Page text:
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How To Handle An Argumentative Student

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So you’re cruising along having a good day and a student pokes you with a stick.

“What you said isn’t true.”

“Shelby didn’t deserve a consequence.”

“My old teacher did it this way.

Statements like these, spoken with attitude, are meant to goad you into an argument. Why do students do this?

1. To test you.

2. To get you off track.

3. To wrest control of the classroom from you.

4. Just because.

It also works. After all, it’s only natural to defend yourself and want to prove your point. So you say your peace and they say theirs. Back and forth. Two equals having a petty disagreement.

—Which effectively gives license to every student in your class to do the same. Before you know it, you’re being challenged on all sides.

To avoid getting drawn into an argument takes responding in one of three ways.

1. Enforce

In order to get you to respond without thinking, a student will call out their argument starter without raising their hand.

This is very common.

In this case, it’s best not to address their comment at all. Simply enforce a consequence and move on. This is a powerful move that will almost always squash their challenge altogether—which is your goal.

Following through is also what you promised to your class.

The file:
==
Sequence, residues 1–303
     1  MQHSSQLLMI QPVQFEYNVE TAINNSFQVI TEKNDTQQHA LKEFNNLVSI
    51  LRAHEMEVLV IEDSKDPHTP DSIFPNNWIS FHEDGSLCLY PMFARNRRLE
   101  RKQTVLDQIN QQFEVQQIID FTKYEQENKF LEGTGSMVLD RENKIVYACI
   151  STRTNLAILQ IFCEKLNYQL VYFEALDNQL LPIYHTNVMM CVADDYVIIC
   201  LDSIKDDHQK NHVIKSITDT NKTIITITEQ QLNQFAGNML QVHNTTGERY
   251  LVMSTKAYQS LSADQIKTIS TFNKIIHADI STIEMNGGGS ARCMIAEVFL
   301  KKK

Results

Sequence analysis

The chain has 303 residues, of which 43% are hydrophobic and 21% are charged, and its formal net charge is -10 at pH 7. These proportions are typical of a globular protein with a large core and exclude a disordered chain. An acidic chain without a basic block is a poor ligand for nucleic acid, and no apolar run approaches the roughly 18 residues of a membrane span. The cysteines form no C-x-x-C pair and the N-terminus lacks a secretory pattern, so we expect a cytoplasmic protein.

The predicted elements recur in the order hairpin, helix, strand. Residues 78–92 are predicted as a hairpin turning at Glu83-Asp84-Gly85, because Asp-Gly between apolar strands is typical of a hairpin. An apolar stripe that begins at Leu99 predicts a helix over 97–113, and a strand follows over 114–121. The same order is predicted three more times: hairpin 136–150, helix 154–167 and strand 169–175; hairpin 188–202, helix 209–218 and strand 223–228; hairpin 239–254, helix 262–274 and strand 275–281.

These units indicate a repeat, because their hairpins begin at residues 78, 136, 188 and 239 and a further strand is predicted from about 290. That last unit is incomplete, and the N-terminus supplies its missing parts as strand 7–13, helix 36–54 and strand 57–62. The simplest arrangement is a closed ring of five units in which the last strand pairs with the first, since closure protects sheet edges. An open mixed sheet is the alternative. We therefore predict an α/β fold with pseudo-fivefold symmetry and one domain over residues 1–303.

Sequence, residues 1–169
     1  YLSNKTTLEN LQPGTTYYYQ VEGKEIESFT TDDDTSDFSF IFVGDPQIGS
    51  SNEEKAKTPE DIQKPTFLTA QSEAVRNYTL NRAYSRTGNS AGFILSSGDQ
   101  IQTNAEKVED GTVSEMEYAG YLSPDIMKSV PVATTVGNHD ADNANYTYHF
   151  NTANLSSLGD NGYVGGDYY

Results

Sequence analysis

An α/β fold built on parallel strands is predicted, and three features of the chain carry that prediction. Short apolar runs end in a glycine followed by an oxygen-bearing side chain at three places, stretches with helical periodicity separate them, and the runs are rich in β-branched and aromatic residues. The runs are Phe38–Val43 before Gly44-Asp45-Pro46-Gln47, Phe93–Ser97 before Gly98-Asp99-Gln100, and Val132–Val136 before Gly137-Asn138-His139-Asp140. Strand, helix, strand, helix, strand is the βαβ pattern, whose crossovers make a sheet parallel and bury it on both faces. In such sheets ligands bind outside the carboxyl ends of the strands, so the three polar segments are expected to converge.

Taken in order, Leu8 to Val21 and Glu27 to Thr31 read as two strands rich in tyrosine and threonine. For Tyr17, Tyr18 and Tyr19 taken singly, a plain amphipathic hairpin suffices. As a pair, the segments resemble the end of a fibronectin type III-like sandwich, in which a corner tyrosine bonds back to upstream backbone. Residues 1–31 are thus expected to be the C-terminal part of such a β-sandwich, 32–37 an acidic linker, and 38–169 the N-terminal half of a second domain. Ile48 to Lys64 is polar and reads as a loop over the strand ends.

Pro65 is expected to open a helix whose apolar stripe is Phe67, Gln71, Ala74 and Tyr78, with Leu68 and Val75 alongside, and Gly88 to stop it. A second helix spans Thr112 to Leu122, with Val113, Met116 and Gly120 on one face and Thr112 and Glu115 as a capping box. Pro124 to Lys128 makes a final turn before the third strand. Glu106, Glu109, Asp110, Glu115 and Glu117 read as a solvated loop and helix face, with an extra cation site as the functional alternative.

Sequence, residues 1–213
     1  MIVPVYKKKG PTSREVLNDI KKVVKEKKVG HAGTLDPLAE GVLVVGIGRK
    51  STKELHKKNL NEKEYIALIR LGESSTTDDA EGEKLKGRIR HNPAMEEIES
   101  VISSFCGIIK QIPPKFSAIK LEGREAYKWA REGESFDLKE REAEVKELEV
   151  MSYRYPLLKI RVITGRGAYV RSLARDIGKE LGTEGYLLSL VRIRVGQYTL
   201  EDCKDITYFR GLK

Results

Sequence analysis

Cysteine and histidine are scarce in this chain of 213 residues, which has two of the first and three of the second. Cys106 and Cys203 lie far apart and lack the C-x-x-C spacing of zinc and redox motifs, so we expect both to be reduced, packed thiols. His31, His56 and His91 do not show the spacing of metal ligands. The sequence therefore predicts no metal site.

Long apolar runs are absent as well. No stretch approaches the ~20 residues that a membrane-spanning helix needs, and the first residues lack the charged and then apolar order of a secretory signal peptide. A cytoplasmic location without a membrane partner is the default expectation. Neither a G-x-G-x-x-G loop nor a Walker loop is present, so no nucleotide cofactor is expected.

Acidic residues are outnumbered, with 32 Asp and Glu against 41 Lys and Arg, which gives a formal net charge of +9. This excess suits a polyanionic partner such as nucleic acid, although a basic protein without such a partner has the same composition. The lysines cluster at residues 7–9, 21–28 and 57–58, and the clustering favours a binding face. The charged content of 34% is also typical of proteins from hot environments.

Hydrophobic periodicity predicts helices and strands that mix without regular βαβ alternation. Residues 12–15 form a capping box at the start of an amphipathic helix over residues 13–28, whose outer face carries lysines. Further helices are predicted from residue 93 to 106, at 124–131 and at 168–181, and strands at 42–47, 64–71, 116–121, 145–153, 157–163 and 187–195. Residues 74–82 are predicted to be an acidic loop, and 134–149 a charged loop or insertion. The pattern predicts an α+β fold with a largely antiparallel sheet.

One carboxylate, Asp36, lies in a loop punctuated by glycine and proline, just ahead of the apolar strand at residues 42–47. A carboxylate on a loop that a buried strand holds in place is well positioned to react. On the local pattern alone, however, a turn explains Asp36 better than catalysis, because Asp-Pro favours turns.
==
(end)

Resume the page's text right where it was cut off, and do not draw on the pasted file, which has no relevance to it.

2. Consider

If the student does raise their hand, you can just say, “Hmm, I’ll think about it. Thanks for your input.” Then immediately do it your way or continue on without another word.

Again, this sends the message that you’re in charge and make decisions that are best for the class.

You can also be more direct and say, “No thanks.” The key for both is to move on right away. Show no emotion. No sign of annoyance. No problema.

Let them assume that it’s such little consequence that you’ve already forgotten about it.

3. Listen.

If you’ve been teaching a long time, chances are slim that a student will know something about your job better than you.

But it happens. Mistakes are made. If a student does contradict you or challenge you on something you hadn’t considered, or that could be valid, ask them to explain further. Just listen and see if there is something there.

If not, go back to number two above. If so, welcome it. Say, “Hey, that’s a good idea” or “Let me get back to you.”

Make it quick, then move on. In this way, you avoid the argument but maintain your open-mindedness and respect for a student who may have a good idea.

No More Battles

If a student tries to get under your skin, you must never, ever respond in kind.

A pause helps. Don’t answer at first. Bite your tongue and wait a few awkward seconds. Let their argument starter hang in the air like a bad curve ball.

Once you’ve decided on either number one, two, or three, say your peace and then turn your attention back to what you were doing without a second thought.

Handling it this way will effectively remove all arguments and challenges from your classroom. No more battles or disagreements or feeling as if you’re losing control of your class.

Just you being a good leader.

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